Simanaitis Says

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PAPER CHASE!

DESPITE OUR “paperless society,” my computer printer still inexplicably keeps asking for the stuff. And I learned a lot more about it in the London Review of Books, June 15, 2017, discussion of Paper: Paging Through History, by Mark Kurlansky.

Paper: Paging Through History, by Mark Kurlansky, Norton, 2017.

The LRB’s review by Adam Smyth is titled “Ropes, Shirts or Dirty Socks,” suggesting some of the potential cellulosic materials that can be transformed into paper. Other tidbits that caught my eye were the historical origins of paper, a circuitous route indeed in its international development, and curiosities about how it has been used through history.

For instance, LRB reviewer Smyth notes that, for much of paper’s history, wrapping was its primary function. In the 17th century, “printers used paper to fill their workship windows: it kept the heat in during winter, and direct sunlight off the printed sheets in summer.”

Both Smyth and author Kurlansky acknowledge another essential use of paper, what England’s first Poet Laureate (1668) referred to as “Reliques of the Bum.” TP humor has a long history: In William Hogarth’s A Just View of the British Stage, 1724, there are pages from Macbeth, Julius Caesar, and Hamlet hanging in readiness next to a privy.

A Just View of the British Stage, engraving by William Hogarth.

Smyth notes that Kurlansky’s tale “begins in Second-Century China and briskly traces paper’s spread to Vietnam, India and Tibet.” By the Eighth Century, “paper mills operating in Japan were producing paper with no yellowing acid content: a sheet looks pretty much the same today as it did 1200 years ago.”

Paper was produced in Baghdad and Damascus before the Ninth Century too. Reaching Europe, it was known as charta damascena. By contrast, mills in North Africa came later, “perhaps owed to the sustained dominance of parchment in a herding society.”

Parchment and its sibling vellum were produced from animal skins that were degreased, freed of hair, stretched and scraped. By contrast, producing paper was originally rather more involved, but with a process similar to that used today: Its cellulose was extracted from plant cell walls, then this pulp was mixed with water. The blend was shaken on a fine metal mesh, the water draining and the pulp fibers interlocking into a thin layer. This layer was then flipped off the mesh to dry. Sizing (a protective, anti-absorbent compound) and finishing followed.

Europe was late getting into paper production. However, by the 13th Century, Italian papermakers had devised, among other advances, the invention of the watermark: an added piece of wire in the mesh that would leave an identifying symbol in the paper.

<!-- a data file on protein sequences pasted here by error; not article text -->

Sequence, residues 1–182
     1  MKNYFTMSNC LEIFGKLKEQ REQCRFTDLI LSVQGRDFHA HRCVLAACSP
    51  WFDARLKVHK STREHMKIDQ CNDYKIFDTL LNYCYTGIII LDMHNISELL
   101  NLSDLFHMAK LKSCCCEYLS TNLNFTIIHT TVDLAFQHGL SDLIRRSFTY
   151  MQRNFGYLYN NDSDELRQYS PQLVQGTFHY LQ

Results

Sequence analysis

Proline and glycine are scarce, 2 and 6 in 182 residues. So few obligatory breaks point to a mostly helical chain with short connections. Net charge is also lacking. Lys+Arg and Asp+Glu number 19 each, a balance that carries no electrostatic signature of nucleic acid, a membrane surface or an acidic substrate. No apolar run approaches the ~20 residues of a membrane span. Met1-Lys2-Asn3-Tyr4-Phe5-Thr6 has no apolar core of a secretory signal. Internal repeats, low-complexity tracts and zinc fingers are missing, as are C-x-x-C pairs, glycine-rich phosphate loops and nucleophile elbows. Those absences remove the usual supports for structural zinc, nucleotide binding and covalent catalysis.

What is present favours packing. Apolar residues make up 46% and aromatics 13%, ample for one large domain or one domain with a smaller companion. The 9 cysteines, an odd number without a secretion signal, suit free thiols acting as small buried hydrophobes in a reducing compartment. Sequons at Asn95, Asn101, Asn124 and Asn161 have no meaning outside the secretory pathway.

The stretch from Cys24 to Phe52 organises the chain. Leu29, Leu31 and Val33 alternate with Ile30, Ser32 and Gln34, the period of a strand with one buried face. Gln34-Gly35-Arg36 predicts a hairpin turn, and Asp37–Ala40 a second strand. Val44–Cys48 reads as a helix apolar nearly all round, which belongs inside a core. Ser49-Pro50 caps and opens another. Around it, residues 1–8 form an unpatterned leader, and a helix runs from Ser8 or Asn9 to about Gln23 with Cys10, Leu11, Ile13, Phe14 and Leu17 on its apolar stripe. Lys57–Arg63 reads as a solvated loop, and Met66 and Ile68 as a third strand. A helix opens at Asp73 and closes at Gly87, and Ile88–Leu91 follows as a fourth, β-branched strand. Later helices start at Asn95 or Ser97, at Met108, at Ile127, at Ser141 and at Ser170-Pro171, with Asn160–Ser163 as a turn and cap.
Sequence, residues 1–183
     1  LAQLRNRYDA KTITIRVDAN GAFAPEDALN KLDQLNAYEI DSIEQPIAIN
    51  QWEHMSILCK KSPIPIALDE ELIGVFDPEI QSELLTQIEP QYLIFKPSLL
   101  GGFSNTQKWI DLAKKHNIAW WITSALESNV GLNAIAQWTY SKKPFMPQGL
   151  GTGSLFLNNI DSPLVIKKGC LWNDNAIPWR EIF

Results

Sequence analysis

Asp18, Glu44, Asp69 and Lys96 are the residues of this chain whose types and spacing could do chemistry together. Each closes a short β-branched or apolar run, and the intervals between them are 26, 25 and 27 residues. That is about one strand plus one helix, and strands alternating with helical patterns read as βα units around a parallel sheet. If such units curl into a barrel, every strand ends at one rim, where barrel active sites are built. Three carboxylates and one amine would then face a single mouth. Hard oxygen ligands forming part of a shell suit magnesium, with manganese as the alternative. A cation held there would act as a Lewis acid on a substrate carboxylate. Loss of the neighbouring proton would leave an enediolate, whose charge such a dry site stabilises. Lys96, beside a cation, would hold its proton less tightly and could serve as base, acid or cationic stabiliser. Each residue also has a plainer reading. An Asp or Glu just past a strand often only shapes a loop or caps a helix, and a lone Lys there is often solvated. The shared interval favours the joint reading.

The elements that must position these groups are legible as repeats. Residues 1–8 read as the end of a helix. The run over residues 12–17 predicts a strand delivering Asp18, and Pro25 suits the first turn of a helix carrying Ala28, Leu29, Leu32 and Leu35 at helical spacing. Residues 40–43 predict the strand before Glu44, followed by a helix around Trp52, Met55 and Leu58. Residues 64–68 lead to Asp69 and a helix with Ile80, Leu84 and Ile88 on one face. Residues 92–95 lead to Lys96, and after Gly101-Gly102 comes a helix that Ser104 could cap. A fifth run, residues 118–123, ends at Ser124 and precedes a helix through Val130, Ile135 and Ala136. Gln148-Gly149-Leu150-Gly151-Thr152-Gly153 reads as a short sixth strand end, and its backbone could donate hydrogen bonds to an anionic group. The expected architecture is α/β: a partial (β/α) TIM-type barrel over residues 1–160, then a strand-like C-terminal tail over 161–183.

Smyth notes that this might have been “the maker’s initials, or an image of a crown or a pot or a fool’s cap, symbols that linger today in the language of paper size.” Foolscap, for example, is now around 17 x 13 1/2 inches; a foolscap folio, 8 1/2 x 13 1/2.

The title page of the Shakespeare First Folio, 1623.

This prompted a bit of added reseaerch: A foolscap folio is foolscap paper size folded once. The Gutenberg Bible was a folio; as were early Shakespeare editions. Similarly, quatro editions have their paper folded twice; octavo, three [Thanks, Andrew Dewar, for correcting my “four”] times.

Smyth observes that for much of the 16th and 17th Centuries most British production wasn’t white paper; it was coarse and brown. Huguenot papermakers, fleeing religious persecution in France in 1685, brought Brits the manufacturing skills needed to produce fine white paper.

For the record, the London Review of Books gets its paper from the Anjala Paper Mill, near Kouvola, in southern Finland. The wood, generally spruce, comes from sustainable forests and is transformed into a stock called StellaPress HB.

Kurlansky is “untroubled by the impact of digital culture on the material page (‘Even computer people enjoy printed books.’)”

The Billionaire’s Secret Princess, by Caitlin Crews, Mills & Boon, 2017. “Princess Valentina swaps places with her newly discovered identical twin. But….”

Smyth ends his review on an equally happy note: He cites “the 2.5 million remaindered Mills & Boon [Brit modern romance] novels used to make asphalt for the M6 in 2003.” ds

© Dennis Simanaitis, SimanaitisSays.com, 2017

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